284 15 33.100 -5 31.300 Fassale village. If exit formalities from Mauritania were not fulfilled in Nema, there are police and douane checkpoints in the village
296 15 31.360 -5 29.650 Exit of Douamkara village. Piste heads NE over floodplain
305 15 33.030 -5 24.410 Mali border post after Faita village
322 15 35.700 -5 17.300 Alfess well at left
337 15 39.200 -5 10.400 Exit of Boundoubadi village. Hard and fast piste
360 15 43.600 -4 59.000 Small village. Well at left
309 15 42.600 -4 54.600 Lere. Douane and police checkpoint
427 15 44.600 -4 32.200 Passage through dam wall
443 15 46.950 -4 25.320 Passage through dam wall
450 15 48.230 -4 21.980 Passage through dam wall
461 15 50.940 -4 17.530 Passage through dam wall
482 15 54.360 -4 8.380 Passage through dam wall
498 15 55.500 -4 0.000 Exit of Niafunke. Fast piste
509 15 57.700 -3 55.430 Passage through dam wall
543 16 8.000 -3 45.200 After crossing the river turn left at Douane checkpoint and follow pre-paved road
667 16 46.520 -3 0.730 Tombouctou


The above coordinates are as follows:

1st column: km
2nd column: latitude degrees
3rd column: latitude minutes
4th column: longitude degress
5th column: longitude minutes
6th column: description of waypoint

If anyone else has further / similar info or took a different route it would be much appreciated.
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  #6  
Old 31 Oct 2008
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Thanks for the co-ords - very useful

We (2 Troupies) will be in Mauretania about the end of Dec - heading for the Festival.

We plan to go via Atar - Tidjikja and then Nema via Chris Scott's R11.

We might have had enough of desert crossings by then so there remains the option of going to Bamako for refuelling and restocking of provisions.

One problem with the Nema - Tombouctou route is that we would have to purchase supplies (food / fuel etc) in Mauretania. As we are thinking of going on to Gao via the north shore of the Niger after the festival, we might prefer to reprovision in Bamako.

Either way you would be welcome to travel with us - we might be able to easy your burden somewhat re fuel and gear etc.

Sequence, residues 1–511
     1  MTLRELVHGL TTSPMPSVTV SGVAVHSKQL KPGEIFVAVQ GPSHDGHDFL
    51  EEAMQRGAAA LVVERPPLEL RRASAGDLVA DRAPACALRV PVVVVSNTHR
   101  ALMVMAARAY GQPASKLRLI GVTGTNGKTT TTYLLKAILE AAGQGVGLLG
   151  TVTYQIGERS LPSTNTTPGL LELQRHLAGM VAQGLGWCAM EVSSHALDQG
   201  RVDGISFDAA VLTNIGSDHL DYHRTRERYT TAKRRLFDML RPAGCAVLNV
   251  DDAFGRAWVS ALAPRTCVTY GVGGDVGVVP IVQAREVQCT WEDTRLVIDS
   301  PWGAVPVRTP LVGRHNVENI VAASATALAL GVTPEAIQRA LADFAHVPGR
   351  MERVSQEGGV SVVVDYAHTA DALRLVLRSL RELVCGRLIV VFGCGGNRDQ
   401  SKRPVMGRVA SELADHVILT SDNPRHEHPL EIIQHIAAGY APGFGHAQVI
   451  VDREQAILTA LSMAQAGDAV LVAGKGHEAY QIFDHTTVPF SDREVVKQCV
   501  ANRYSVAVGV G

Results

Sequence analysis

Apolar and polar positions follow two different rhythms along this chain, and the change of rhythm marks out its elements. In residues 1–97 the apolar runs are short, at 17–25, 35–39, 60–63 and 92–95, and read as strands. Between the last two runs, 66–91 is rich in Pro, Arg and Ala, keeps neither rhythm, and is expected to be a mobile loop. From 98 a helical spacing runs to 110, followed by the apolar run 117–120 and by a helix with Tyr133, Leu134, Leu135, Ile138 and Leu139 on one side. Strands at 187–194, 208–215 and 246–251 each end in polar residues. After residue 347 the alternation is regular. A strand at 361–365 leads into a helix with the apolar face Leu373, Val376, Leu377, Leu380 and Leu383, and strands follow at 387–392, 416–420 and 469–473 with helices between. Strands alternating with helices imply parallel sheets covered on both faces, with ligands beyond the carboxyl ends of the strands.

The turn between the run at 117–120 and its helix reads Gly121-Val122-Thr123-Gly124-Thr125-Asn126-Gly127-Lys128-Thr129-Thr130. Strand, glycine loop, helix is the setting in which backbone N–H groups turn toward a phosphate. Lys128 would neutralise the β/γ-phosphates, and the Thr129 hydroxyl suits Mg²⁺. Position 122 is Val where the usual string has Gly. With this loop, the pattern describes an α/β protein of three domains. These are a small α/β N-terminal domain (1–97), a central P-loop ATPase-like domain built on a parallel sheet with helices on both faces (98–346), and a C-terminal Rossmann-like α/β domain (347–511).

cheers

john
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  #7  
Old 31 Oct 2008
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Quote:
Originally Posted by backofbeyond View Post
I

If anyone else has further / similar info or took a different route it would be much appreciated.

The most useful waypoints to note are for the villages enroute. On the ground you will find a multitude of tracks and you can get there any number of different ways. Trying to tick off a waypoint list could start to work against you. Ask directions - everyone recognises the name of the next village and knows where it is.

In terms of security, well it is border country. Sometimes you sniff that tensions are a little higher than elsewhere - it's unusual in Mauri/Mali to see children running away from the sound of an engine for instance. But, 3 times crossing this area we have not had any problems or dramas.
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  #8  
Old 31 Oct 2008
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Thank you Richard

I am aware that your company does this trip occasionally.

I was hoping you might respond

Where do you reprovision for your bikers when doing this route?

What is Nema like for supplies?

Cheers

John
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  #9  
Old 31 Oct 2008
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Hi John, there is a decent market, diesel, petrol, welders and a bank in Nema. Heading village-to-village in Mali you can pick up water, fuel, basic groceries and fresh veg without too much problem.
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  #10  
Old 8 Nov 2008
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Hi